In contemporary world politics, migration and refugee crises are among the most heartrending and vexatious issues. Syria represents one of the most significant humanitarian crises and disasters of our time. Since the conflict has started in 2011, thousands of civilians have been killed, and millions have been forced to flee from their homeland. Since its outbreak, civil war and terrorism have forced millions of people to seek refuge in neighboring countries, including Turkey, Jordan, Egypt and elsewhere. The massive inflow of refugees from Syria makes Turkey the largest host country for Syrian refugees in the region, and the country hosting most refugees in the world in absolute terms. Even though many Syrian refugees currently reside in refugee camps, the vast …

According to the official results, the coalition led by the ruling AKP has secured a parliamentary majority, and Recep Tayyip Erdoğan remains president following the first ever simultaneous parliamentary and presidential election on June 24. Below are some takeaways from Turkey’s historic election: Erdoğan was not built in a day, and neither will be Ince. Erdoğan was elected mayor of Istanbul in 1994 and undertook many practical reforms involving infrastructural improvements. He bided his time until 2002, when he led the AKP to power. Under his mayoral watch, the municipal water system was improved, metro lines were built, trash was picked up regularly, and a political machine was built slowly thanks to the support of small business owners and conservative migrants …

The lights shine, the cameras zoom, and the serious intro music fades. “Let’s talk about the hottest topic: the economy,” says the CNN Türk news program host. On the left are three journalists from mainstream Turkish news outlets, on the right is Muharrem İnce, the presidential candidate of CHP, the center-left party and opposition candidate with the best shot at unseating president Recep Tayyip Erdoğan. The stone-faced journalist from Hürriyet asks the first question: “It is said that speculators, FETÖ (the term for the followers of accused coup plotter Fethullah Gülen), and economic masterminds are working together and have hurt the capacity of the AKP to help the economy. It’s an economic coup, they say. What do you say?” İnce doesn’t take the …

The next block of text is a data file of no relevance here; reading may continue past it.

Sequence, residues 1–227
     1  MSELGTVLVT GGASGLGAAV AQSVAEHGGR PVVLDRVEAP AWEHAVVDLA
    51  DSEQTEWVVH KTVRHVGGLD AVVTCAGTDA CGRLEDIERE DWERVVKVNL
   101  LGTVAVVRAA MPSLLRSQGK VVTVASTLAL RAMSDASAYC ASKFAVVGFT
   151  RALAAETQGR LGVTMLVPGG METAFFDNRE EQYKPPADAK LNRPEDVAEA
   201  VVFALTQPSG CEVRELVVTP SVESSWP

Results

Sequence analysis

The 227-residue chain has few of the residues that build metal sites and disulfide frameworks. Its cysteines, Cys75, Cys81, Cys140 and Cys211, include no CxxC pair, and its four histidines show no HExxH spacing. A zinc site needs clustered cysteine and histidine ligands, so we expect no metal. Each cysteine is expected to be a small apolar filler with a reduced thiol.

Saudi Arabia has been omnipresent in the headlines recently. By detaining several significant business figures and senior ministers, Crown Prince Mohammed bin Salman has demonstrated the scope of his newly-inherited authority and violently asserted his power. What followed since, if not utterly unexpected, has been greatly intriguing and perplexing. Developments, however, are not limited to internal Saudi affairs, but also have regional implications. There are signals of a growing Saudi-Israeli cooperation and aligning of interests in their wish to counteract Iran. Two weeks ago, Ayoub Kara, Israeli Communications Minister invited Saudi’s Grand Mufti Abdul Aziz al-Sheikh to visit Israel, and a few days later, Saudi online journal Elaph, recorded Israel’s chief-of-staff Gadi Eizenkot saying that Israel is ready to share intelligence …